This is mums emerald, jewel-encrusted organic pistachio, lime and basil cake. I discovered the recipe on the Pukka Herbs website and I have wanted to make it for months. The dress I am wearing to flaunt my organic and sustainable ideals is by Sophie Dunster, a talented slow fashion designer to watch, based on a barge beside the Thames in London and the founder of Go Ho Design. Sophie has a rare flair for making everything from wonky veg to endangered big cats the charismatic stars of her thoughtful, beautiful, educational collections in the most captivating prints.
The dress is from her current Food for Thought Collection and shows the amount of pesticide residue left on conventionally grown fruits and vegetables. Did you know that according to the UK Government’s own analysis, the amount of pesticide residue in a non-organic orange can be up to 96%? Now that’s food for thought. Time to subscribe to an organic box scheme or move to Sicily and grow your own.
The cake doesn’t just look pretty, it tastes of sunshine and carefree days in Italy, admiring lemons on a biodynamic smallholding. The main ingredients are – courgettes, avocados, ground almonds, lime juice and zest, basil and lots of elbow power, zesting for England, washing up and love.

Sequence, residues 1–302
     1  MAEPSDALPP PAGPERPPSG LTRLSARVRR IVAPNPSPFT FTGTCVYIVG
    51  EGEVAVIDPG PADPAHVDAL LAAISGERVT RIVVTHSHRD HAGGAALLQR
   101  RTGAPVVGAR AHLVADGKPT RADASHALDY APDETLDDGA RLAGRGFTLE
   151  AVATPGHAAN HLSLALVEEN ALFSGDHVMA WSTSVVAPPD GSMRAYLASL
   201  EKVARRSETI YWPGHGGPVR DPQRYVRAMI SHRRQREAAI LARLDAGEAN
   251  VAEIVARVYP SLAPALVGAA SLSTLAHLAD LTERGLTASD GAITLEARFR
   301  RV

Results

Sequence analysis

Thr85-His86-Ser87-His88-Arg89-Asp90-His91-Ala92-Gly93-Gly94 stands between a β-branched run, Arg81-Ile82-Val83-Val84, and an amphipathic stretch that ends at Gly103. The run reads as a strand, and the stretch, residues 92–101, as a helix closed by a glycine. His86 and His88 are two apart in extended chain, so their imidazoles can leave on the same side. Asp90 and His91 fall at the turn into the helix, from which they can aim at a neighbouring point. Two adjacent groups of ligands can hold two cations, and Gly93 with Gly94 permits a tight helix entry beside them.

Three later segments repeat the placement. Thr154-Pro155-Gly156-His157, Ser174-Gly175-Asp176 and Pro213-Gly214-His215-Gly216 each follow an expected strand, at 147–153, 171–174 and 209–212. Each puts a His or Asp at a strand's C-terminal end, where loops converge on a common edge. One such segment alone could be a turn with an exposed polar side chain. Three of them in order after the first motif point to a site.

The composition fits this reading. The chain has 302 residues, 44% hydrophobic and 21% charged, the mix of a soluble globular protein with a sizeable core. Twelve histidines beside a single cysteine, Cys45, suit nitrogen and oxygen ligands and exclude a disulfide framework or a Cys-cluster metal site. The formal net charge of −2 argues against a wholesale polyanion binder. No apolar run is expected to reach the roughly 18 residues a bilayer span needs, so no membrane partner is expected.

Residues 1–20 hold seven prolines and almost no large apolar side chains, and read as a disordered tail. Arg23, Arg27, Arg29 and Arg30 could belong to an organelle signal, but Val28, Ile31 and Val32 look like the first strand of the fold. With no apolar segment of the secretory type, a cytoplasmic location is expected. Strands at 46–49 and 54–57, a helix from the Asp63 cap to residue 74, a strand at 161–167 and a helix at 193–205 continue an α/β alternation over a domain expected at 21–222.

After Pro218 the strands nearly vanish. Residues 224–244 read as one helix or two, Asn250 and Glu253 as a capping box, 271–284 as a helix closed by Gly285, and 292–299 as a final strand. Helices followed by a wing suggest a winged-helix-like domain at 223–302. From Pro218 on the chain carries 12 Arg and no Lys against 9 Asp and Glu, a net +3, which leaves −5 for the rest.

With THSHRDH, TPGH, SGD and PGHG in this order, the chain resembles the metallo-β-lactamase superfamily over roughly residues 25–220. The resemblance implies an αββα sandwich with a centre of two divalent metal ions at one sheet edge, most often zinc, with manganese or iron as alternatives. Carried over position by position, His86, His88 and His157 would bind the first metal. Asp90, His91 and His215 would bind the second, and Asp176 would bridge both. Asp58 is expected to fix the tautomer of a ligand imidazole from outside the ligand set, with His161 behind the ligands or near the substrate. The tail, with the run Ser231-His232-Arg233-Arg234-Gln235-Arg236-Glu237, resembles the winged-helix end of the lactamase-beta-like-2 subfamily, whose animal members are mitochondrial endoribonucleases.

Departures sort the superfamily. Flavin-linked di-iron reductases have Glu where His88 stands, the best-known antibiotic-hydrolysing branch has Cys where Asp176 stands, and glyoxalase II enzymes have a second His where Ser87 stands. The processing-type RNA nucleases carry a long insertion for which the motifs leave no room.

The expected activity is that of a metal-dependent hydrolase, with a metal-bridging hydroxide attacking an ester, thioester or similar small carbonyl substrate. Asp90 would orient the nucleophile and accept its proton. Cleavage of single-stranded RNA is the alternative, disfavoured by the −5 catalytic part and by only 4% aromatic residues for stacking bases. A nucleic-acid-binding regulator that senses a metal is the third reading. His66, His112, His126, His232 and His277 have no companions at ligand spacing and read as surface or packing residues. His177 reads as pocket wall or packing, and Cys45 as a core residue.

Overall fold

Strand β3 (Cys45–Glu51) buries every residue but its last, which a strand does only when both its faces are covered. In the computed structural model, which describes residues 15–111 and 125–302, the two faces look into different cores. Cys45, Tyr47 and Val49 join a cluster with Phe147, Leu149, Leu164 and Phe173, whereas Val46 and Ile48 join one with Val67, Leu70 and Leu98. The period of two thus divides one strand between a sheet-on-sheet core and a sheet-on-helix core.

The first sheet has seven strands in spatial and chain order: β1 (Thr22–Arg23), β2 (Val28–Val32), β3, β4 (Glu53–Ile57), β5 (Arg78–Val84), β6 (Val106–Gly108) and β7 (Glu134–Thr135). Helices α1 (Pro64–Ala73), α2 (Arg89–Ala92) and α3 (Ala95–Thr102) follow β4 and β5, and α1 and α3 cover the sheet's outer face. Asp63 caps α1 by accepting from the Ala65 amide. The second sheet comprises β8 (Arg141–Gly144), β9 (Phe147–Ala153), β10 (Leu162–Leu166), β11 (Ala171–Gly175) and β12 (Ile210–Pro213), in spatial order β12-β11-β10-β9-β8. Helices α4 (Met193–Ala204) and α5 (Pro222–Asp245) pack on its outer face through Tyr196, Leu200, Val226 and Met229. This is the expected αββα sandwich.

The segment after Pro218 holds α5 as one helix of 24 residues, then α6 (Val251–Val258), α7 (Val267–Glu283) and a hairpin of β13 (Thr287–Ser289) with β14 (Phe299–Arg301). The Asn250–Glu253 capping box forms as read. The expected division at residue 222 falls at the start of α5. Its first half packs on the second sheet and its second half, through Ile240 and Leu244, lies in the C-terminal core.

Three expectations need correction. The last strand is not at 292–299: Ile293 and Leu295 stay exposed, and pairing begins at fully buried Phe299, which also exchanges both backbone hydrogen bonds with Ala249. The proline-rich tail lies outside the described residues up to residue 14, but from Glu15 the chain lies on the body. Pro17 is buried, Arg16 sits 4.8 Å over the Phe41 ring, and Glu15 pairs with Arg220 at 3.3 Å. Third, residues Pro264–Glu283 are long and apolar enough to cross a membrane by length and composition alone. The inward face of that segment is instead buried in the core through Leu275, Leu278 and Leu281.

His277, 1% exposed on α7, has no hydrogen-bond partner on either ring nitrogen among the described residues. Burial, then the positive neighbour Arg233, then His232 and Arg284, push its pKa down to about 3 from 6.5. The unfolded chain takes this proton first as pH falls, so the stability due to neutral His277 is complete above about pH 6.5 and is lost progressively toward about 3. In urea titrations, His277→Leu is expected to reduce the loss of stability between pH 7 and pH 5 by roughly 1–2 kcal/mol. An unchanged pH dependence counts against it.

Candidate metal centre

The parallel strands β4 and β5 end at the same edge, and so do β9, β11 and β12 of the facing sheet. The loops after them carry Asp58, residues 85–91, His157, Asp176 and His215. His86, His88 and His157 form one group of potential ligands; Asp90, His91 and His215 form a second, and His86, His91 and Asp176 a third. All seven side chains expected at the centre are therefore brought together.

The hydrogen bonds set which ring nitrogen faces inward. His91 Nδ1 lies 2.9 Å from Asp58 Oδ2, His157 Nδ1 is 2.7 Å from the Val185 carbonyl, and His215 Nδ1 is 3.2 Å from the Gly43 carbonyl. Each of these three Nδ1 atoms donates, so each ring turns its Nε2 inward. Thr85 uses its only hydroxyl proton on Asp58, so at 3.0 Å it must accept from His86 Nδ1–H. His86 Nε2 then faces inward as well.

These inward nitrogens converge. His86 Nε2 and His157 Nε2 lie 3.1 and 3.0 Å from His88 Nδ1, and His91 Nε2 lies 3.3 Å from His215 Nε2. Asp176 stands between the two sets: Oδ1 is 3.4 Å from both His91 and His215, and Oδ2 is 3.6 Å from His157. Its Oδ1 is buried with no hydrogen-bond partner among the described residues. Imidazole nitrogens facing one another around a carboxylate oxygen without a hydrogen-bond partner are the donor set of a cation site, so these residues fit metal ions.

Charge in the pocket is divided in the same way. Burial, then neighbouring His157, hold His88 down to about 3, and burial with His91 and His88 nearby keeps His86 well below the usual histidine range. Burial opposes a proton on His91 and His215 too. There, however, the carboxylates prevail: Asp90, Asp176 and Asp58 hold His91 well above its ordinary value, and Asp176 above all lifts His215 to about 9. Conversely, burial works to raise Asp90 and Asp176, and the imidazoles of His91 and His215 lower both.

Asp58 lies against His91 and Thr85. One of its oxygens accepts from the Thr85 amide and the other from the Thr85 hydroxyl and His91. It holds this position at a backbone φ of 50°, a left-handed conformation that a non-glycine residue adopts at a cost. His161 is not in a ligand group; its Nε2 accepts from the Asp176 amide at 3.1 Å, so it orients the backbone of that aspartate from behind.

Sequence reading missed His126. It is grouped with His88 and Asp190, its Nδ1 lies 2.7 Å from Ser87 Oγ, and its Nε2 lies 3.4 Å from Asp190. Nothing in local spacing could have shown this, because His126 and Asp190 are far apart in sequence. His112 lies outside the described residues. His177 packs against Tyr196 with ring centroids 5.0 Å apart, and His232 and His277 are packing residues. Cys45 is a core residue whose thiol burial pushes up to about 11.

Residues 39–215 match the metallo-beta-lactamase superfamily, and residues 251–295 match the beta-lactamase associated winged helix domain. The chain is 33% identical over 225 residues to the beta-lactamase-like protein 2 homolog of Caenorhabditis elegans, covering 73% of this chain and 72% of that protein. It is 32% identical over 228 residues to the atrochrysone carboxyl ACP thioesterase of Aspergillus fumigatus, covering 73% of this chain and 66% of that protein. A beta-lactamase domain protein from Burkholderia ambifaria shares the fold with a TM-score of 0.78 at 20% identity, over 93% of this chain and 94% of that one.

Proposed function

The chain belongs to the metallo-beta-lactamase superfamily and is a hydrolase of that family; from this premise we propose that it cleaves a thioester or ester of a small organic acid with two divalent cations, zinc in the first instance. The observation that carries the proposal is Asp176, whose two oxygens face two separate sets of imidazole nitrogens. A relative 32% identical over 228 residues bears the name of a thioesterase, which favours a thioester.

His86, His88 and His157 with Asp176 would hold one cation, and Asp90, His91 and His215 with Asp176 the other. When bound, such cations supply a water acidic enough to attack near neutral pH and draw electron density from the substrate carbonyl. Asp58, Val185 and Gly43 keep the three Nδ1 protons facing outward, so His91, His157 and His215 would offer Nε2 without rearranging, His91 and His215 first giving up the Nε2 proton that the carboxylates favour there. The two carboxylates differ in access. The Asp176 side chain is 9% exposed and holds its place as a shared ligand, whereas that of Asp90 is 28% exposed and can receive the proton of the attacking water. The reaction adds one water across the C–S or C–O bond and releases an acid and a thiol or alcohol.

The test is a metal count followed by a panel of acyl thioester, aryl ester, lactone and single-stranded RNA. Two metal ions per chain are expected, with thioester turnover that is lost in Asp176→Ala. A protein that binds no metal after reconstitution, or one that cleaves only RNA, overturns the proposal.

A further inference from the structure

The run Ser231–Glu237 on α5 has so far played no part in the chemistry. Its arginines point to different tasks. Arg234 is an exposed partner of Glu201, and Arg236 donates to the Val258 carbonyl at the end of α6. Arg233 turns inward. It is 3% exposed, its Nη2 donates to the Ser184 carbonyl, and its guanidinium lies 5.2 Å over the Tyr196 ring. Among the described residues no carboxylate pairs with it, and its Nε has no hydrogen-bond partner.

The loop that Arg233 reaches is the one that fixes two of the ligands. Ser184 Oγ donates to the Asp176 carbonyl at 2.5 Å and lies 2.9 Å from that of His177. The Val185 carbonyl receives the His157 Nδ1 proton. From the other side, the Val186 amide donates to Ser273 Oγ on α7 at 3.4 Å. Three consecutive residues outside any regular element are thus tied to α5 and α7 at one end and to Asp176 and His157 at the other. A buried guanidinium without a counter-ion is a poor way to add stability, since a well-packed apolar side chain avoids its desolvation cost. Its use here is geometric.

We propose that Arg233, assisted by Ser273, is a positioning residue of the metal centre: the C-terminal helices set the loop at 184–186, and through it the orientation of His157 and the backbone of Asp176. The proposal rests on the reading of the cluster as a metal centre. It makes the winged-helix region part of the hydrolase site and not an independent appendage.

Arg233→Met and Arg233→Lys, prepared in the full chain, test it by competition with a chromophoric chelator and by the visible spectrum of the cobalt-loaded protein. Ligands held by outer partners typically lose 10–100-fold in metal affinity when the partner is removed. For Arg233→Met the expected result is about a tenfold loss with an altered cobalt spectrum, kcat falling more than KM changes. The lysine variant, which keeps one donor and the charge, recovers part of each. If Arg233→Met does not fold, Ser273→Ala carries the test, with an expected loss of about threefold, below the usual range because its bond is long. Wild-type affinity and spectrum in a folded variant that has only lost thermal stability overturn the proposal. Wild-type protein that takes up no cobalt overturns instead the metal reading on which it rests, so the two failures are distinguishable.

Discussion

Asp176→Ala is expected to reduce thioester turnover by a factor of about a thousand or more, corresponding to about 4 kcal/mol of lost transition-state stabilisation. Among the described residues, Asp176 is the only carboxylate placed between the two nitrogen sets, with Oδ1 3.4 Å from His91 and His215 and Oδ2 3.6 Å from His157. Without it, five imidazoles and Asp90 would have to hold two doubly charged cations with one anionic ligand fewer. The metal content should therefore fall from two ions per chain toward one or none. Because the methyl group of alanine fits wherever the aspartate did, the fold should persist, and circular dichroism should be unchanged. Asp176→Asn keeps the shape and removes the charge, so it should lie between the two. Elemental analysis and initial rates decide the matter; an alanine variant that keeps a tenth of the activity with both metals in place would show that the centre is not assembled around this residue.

My mother loved her very special organic cake and so did all my friends. Never has a cake disappeared so fast! This jewel of a cake is jam-packed with vegetables, organic eggs, nuts, and sunshine and one slice is very filling and yummy without being sickly sweet. In fact, the avocado and lime icing is so delicious, I licked the bowl clean! Baking is so therapeutic and fun. Do get together with your friends and bake cakes, laugh and savour every minute. Today, I have promised to bake mum some fluffy quinoa scones and I have also promised not to work the dough! – so you can see my mama is still as sharp as a button and let’s celebrate that.